The origin of Mother’s Day here in the United States is sort of interesting, it was actually began during the American Civil War, 1860 to 1864. It was begun by a woman who was a pacifist. A “pacifist” is someone who doesn’t want to fight in a war, refuses to fight in a war, doesn’t believe in violence as a way of solving problems. Well, this woman who started Mother’s Day, she was a pacifist and she started Mother’s day because she thought that mothers would be naturally against war (more than men, I guess) and that was the reason why she started this day. But now most people have forgotten about the original intention of Mother’s day. And it’s just a day to give gifts or send a card or perhaps call your mother and wish her a Happy Mother’s Day.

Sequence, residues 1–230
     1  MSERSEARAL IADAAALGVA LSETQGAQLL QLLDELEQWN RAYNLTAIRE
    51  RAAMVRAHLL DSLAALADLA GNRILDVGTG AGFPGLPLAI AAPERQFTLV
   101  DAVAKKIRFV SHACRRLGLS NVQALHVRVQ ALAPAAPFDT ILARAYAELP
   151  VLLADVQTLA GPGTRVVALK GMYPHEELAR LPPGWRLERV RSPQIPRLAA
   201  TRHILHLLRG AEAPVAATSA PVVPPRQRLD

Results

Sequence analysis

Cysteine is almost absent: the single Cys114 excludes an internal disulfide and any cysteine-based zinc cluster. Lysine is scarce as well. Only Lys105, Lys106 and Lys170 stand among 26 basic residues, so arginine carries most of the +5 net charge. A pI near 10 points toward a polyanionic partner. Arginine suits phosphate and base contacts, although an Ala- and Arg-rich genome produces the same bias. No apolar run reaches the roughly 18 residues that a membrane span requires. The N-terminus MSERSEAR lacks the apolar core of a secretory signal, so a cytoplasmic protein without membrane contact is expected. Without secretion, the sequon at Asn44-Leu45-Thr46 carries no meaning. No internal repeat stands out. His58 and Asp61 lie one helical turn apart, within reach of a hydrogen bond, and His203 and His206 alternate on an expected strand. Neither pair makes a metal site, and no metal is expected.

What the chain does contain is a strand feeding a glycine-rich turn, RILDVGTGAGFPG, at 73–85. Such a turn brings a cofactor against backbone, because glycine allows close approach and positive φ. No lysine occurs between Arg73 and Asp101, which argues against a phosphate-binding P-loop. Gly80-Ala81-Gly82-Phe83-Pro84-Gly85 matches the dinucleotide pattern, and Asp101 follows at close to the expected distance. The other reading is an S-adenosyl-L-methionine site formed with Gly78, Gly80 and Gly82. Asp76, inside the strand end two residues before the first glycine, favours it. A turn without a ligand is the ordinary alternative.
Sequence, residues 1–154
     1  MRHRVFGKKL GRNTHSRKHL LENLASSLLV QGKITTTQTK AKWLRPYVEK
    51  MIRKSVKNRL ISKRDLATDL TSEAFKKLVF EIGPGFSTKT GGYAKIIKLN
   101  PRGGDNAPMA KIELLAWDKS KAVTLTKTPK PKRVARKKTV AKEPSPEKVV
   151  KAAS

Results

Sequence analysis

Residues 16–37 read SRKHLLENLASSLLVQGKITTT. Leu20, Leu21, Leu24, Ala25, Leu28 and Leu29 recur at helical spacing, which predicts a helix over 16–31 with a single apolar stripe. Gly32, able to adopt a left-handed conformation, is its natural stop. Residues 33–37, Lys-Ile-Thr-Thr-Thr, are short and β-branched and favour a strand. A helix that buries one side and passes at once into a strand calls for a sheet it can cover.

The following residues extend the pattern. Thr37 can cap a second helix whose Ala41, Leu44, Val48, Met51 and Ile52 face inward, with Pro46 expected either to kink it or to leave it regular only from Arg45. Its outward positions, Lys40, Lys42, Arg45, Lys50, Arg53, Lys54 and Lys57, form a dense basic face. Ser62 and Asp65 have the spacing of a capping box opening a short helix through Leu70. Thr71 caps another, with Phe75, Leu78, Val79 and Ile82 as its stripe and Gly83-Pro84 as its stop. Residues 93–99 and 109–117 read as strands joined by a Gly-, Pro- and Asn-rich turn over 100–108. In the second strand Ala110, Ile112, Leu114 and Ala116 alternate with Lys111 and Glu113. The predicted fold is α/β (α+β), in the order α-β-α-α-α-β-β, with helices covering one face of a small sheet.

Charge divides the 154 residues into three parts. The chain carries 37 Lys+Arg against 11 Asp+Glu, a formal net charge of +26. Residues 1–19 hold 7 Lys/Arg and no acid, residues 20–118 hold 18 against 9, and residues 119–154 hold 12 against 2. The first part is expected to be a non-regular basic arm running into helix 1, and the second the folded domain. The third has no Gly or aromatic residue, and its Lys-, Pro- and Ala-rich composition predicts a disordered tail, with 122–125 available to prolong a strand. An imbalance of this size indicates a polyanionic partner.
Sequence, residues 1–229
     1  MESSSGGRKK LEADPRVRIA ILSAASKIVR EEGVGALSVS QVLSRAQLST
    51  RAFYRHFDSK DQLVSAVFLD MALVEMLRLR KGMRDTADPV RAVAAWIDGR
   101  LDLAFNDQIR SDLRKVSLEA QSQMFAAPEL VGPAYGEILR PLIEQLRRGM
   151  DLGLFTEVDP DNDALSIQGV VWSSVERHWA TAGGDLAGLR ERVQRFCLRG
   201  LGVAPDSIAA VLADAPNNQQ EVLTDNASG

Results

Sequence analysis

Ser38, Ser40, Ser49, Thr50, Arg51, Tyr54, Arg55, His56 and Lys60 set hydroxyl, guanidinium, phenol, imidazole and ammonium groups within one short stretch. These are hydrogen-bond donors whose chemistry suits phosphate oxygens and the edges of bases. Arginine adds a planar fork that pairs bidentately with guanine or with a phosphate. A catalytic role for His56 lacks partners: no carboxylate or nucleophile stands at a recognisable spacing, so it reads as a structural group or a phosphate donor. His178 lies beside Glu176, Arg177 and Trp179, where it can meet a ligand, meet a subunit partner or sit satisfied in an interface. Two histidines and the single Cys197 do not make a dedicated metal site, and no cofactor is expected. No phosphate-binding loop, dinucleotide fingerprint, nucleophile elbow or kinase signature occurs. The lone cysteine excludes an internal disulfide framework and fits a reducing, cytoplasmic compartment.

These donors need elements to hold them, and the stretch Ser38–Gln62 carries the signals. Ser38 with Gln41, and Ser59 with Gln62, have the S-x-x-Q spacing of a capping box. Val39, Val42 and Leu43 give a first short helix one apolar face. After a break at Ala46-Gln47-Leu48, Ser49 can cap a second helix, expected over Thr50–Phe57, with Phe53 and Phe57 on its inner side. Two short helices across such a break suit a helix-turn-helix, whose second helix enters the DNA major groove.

Mother’s Day is all about motherhood. “Motherhood” is motherhood, all one word. Motherhood is the idea, if you will, the concept of being a mother. So, someone may say, "Well, how does she like motherhood?" – meaning, "How does she like being a mother?" And, of course, the opposite of that would be fatherhood. Well, fatherhood is celebrated on Father’s Day which is always the third June, I’m sorry, the third Sunday of June. I think I need a little more coffee this morning. The Third Sunday in June is Father’s Day and it’s like Mother’s Day, a day to call your father or send your father a card, or perhaps give them gifts. The classic sort of comical gift to give your father - sort of as a joke - would be a tie, because the tie, of course, is the easiest thing, in a way, to buy someone (to buy a man in particular) and so lots of fathers get ties for their Father’s Day present. I didn't give my father a tie this year; well it’s, it's? coming up this Sunday, but I will give him a card and send him a note. My father is, is 82 years old, still in healthy condition and my mother is also still alive and healthy, and I can’t tell you how old she is because she'd get mad at me if I did.